Most blogs, particularly in tech, are created on the assumption that building a recurring audience is basically impossible. You can get people to your website by writing algorithm-friendly content (via search, for example). But you can’t get them to visit intentionally, no matter what.
There’s a curiously circular logic to this. When starting out, most blogs are largely dependent on algorithms to distribute content. This algorithmic-horse inevitably ends up leading the content-cart. Editorial decisions are watered down for Google, leading to the sorts of uninspiring copycat content that fills most blogs.
As a rule, SEO-driven content will almost never generate a loyal, recurring audience. And without an audience, we’re back where we started: relying on algorithms for distribution!
Is there another way? I think so, but it requires taking a larger view of your marketing channels. While we can’t expect folks to check Shorthand’s blog 12 times a day — the way some maniacs (totally not me) check their local news site — we can build distribution channels that aren’t dependent on algorithms.
As it happens, Shorthand already has these channels. We have a newsletter with a healthy five-figure subscriber base. We also have a community coming very soon. Crucially, we also have the in-house editorial talent to produce and commission great content.
But I don’t think we have a large, recurring audience. Not yet. What will it take to get there?
We want to make better editorial decisions
We have subscribers and great creative talent. We’re bloody brimming with potential. But without a framework to make stronger editorial decisions, this potential has been wasted.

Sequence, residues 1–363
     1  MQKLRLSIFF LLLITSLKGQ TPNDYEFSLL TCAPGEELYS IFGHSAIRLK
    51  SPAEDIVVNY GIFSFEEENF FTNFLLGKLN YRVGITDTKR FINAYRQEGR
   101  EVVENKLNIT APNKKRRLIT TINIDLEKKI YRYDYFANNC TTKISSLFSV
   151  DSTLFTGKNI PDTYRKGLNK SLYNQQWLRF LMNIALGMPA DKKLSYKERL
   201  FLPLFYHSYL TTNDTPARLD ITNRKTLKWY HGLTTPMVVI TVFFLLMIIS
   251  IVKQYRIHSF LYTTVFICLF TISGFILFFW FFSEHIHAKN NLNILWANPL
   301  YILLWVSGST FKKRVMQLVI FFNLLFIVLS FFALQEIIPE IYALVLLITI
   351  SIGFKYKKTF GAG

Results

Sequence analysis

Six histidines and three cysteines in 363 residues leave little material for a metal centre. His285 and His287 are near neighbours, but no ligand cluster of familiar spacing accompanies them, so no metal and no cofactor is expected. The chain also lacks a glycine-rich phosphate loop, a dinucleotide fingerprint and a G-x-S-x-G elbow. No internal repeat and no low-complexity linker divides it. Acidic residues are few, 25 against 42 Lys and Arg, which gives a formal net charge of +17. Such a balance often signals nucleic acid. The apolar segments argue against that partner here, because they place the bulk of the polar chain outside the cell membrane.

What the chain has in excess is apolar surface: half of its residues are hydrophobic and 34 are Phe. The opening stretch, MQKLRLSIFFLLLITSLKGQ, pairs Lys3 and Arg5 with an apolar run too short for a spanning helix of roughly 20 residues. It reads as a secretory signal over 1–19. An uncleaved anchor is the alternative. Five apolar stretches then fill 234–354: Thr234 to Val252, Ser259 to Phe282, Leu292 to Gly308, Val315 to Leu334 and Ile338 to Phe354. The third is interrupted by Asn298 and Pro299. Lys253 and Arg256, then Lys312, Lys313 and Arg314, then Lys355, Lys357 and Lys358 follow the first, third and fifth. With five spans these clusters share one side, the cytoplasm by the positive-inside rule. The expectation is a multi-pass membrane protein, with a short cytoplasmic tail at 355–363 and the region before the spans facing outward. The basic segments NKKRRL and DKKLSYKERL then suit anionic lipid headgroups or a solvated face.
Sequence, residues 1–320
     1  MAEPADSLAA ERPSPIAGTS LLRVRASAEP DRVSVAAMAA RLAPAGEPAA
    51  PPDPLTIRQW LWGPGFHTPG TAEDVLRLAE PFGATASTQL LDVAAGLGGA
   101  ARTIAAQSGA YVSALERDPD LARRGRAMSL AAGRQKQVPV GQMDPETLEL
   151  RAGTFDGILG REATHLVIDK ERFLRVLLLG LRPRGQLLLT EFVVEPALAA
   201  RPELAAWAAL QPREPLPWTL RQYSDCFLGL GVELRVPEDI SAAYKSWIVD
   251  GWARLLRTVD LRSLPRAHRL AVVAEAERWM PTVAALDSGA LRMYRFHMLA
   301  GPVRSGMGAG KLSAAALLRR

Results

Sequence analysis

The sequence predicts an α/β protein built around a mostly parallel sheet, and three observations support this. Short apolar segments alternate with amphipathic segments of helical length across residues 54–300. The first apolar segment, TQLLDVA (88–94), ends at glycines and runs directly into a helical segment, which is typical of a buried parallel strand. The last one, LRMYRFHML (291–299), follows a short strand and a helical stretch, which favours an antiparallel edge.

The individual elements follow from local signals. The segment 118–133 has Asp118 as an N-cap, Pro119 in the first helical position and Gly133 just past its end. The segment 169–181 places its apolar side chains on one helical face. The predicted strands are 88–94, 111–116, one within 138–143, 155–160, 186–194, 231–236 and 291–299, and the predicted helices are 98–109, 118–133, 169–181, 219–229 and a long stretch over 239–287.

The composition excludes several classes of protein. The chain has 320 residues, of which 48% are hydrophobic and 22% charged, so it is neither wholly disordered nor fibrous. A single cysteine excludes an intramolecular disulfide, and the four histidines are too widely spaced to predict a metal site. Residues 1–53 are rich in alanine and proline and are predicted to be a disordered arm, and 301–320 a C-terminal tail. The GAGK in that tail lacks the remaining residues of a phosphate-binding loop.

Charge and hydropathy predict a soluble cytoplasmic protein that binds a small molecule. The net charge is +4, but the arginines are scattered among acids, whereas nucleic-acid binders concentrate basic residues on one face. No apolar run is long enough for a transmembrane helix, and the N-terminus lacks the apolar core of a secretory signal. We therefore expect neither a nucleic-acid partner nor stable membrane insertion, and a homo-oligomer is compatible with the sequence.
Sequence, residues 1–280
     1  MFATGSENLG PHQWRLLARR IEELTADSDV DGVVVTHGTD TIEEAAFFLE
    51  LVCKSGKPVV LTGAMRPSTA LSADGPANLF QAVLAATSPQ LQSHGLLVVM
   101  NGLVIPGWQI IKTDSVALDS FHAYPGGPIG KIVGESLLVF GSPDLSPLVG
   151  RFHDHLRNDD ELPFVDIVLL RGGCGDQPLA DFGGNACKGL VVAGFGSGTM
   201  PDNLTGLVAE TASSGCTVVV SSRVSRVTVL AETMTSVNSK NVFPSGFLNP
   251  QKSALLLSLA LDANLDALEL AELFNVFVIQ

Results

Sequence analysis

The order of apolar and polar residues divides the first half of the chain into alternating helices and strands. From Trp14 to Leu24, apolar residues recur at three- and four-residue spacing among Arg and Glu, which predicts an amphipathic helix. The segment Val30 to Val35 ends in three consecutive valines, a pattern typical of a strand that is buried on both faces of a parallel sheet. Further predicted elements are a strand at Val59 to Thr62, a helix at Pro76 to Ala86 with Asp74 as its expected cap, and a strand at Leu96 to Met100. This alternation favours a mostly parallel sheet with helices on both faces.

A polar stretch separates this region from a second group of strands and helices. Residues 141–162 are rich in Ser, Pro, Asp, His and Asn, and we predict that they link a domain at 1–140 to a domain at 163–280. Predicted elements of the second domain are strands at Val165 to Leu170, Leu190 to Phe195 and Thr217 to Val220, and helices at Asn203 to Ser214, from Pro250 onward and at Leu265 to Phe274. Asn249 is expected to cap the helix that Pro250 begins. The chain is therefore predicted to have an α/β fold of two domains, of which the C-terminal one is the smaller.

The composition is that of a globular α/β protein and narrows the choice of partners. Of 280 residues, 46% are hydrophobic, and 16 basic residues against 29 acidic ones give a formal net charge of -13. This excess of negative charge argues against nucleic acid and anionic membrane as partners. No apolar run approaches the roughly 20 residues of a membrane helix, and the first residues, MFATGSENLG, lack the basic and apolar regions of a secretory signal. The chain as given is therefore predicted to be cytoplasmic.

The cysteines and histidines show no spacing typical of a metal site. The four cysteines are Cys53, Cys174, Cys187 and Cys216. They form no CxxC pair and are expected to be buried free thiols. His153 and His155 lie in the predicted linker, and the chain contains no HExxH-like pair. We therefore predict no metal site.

I personally find it very difficult to make rigorous editorial decisions for a blog. I’ve managed blogs for nonprofits and SaaS companies for ten years, and I’m still not clear what a ‘blog’ is outside an empty container for ‘content on the website.’
This is partially a feature, not a bug. One of the great benefits of blogs is that they can be filled with all sorts of content stuff. Event announcements, product updates, fundraising celebrations, SEO-d guides, missives from the CEO — the blog can be a container for all of it.
Usually, this means that the company can avoid making any sort of editorial decisions whatsoever. When you’re really small, this might actually seem like a blessing, as it means one less decision you have to make.
But let’s be honest: no media company would subject its audience to such a hodgepodge of content as is found on most blogs. No media company would think more about what it can publish than what its audience wants to read. The only reason so many companies get away with it is because, as mentioned above, most blogs don’t have an audience in the first place.